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Japanese Substitute Inventiveness for Immigration; NYT Shocked
Sofia Coppola, who owns a fashion business in Japan, recently captured the best original screenplay Academy Award for the movie Lost in Translation—making her the fourth Oscar-winning member of the Coppola dynasty, after her father Francis, grandfather Carmine, and first cousin Nicolas Cage. Bill Murray stars as a morose and mordant American action movie star who finds himself washed up in a Tokyo Hyatt.
The hotel seems dispiritingly like every other downtown luxury hotel in the world. But its Japanese idiosyncrasies make it subtly disconcerting.
Japan refuses to import millions of Third Worlders, so the Japanese have robotized many service jobs. This takes Murray some getting used to. His drapes fling themselves open in the morning. In a hotel gym devoid of personal trainers, he finds himself in the clutches of an unstoppable and hyperactive exercise machine shouting indecipherable and no doubt deranged commands.
But, of course, it's the puzzling uniqueness of Japanese life that helps make Lost in Translation so entertaining. You leave the theatre thinking that a trip to the Orient would be disappointing if it wasn't a little disorienting. Isn't travel more fun when other countries are different from your own?
In a lot of small ways, Japan is indeed very different. Consider professional nail care. Here in the U.S., you can head down to your local inner city and find dozens of storefront nail salons. The first thing you'll notice is, to paraphrase Aretha Franklin, the sisters are not doing it for themselves. No, even though there are plenty of unemployed women in the neighborhood, the salons are staffed by East Asian ladies who have come all the way across the Pacific to paint the fingernails of the black lady customers for less than cousin LaQeesha would charge.
Now that's diversity!
Except that, one of these days, you'll be able to go to any formerly exotic place on earth—Zanzibar, Istanbul, the Galapagos Islands, it won't matter—and see the same old thing: Korean, Chinese, or Southeast Asian immigrant ladies polishing nails. Yawn.
But not in Japan. The Japanese voters think their islands are crowded enough already without importing human nail polishers. And the Japanese government is mysteriously inclined to enforce the will of its people.
So the Japanese have done something that by our standards is weird, even comical. They've invented yet another kind of vending machine, this one for doing your nails. You stick your finger in, and it gives it back (you hope) with the nail painted to your specifications using inkjet printer technology.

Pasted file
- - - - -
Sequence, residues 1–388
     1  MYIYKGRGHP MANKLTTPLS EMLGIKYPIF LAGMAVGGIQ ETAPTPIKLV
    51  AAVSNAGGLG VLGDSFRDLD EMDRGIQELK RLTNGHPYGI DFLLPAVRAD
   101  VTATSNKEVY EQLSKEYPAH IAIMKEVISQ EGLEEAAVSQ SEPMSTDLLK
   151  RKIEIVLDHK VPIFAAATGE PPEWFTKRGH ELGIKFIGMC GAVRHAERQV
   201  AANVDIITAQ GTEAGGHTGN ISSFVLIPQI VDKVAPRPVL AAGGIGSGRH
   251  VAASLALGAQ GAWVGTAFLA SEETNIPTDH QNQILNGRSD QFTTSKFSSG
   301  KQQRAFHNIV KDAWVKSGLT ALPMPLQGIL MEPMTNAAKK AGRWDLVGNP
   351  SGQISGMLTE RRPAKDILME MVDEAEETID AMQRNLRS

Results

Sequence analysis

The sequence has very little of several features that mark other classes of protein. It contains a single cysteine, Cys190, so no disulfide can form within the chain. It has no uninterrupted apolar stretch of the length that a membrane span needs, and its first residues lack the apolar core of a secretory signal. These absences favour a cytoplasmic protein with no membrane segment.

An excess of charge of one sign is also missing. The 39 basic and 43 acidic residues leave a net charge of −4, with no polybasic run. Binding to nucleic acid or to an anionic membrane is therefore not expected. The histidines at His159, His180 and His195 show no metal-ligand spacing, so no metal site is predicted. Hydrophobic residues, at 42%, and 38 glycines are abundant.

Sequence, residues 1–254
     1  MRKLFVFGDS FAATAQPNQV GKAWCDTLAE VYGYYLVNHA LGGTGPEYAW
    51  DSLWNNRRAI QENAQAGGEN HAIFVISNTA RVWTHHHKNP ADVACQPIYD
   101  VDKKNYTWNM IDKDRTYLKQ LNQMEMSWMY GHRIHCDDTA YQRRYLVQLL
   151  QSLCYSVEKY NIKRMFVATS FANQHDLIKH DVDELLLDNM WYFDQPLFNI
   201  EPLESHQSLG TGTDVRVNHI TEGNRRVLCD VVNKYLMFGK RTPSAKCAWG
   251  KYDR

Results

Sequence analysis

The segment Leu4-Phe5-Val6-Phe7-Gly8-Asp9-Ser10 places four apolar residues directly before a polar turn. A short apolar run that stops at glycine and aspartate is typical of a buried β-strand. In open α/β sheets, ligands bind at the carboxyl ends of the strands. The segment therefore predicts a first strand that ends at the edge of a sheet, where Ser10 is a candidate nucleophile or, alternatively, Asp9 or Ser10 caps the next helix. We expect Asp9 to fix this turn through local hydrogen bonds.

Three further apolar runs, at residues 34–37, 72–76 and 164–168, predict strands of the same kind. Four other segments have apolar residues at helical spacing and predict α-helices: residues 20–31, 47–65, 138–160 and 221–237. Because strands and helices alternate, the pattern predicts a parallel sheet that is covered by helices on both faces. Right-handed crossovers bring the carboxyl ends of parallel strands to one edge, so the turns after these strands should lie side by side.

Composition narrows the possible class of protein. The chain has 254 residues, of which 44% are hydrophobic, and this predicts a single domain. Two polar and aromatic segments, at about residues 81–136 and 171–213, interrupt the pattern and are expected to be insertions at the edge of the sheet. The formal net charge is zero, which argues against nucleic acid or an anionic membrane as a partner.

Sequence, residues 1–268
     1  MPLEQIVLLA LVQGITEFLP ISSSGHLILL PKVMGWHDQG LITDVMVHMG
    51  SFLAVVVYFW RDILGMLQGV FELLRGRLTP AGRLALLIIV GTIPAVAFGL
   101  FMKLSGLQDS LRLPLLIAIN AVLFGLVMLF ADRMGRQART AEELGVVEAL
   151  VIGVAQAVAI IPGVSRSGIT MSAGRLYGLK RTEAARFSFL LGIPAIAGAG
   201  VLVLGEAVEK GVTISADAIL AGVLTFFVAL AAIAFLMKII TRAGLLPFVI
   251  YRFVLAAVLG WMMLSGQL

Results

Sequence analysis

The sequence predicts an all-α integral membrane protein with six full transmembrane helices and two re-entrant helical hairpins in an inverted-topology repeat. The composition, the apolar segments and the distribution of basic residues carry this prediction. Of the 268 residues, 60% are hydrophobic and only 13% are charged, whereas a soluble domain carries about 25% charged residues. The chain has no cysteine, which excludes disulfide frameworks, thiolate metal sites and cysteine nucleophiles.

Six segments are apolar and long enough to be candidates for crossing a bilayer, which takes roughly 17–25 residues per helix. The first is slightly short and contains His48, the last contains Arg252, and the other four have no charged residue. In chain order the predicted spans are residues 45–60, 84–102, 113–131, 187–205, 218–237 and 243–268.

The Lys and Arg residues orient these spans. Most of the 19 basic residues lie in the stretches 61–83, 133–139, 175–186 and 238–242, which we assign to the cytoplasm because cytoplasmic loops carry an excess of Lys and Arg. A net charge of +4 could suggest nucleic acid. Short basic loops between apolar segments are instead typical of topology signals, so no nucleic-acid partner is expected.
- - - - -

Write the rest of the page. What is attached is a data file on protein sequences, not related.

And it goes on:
New York Times reporter James Brooke was recently shocked, shocked to discover that the Japanese people's famous fascination with robots and automation stems from their "xenophobia." [Japan Seeks Robotic Help in Caring for the Aged Mar. 5, 2004 NYT ]
The labor-saving device that gave Brookes the willies was Sanyo's new clamshell-shaped automated bathing machine. It allows frail people confined to wheelchairs to roll in dirty and roll out clean and dry.
Shivered Brooke: "Futuristic images of elderly Japanese going through rinse and dry cycles in rows of washing machines may evoke chills."
Yet the machine doesn't seem to give the shivers to its users. Toshiko Shibahara, an 89-year-old resident of a Japanese nursing home told Brooke, "You don't get a chill. You feel always warm." Likewise, Kuni Kikuchi, an 88-year-old in a wheelchair, noted, "It automatically washes my body, so I am quite happy about it. These bubbles are good for the massage effect."
It's easy to imagine other advantages. A roll-in machine means that attendants don't have to manhandle the elders' wizened naked bodies into the tub, which must be a relief to all concerned. Greater automation means bathing times are less dependent on the staff's work schedules, which can be a blessing to old people struggling with incontinence. Finally, as this kind of technology progresses and becomes cheap enough, the elderly can stay in their own homes longer before finally being bundled off to nursing homes.
But the NYT can't be bothered with what a bunch of old ladies want, not when it has important brow-furrowing to do over the dark urges behind the Japanese drive to empower their elderly. Brookes writes:
"But [these bathing machines] also point to where the world's most rapidly aging nation is heading. Leaders of the Philippines and Thailand … suggest a different route: granting work visas to tens of thousands of foreign nurses. But that is unlikely in a nation that … in the last decade has issued about 50,000 work visas a year… Building on such xenophobia, Japan's nurses' unions successfully lobbied lawmakers of the governing Liberal Democratic Party in late February to block the admission of foreign doctors and nurses."
My question: doesn't the uniqueness of Japanese culture add to the diversity of the world?
And aren't we supposed to celebrate diversity?
Oh, excuse me, that's the wrong kind of diversity. We are supposed to celebrate the right kind of diversity—the kind where each country becomes so diverse in population, its culture so diluted by immigration, that all countries are eventually the same.
How silly of me to forget that the ultimate goal of "diversity" is global uniformity—and monotony.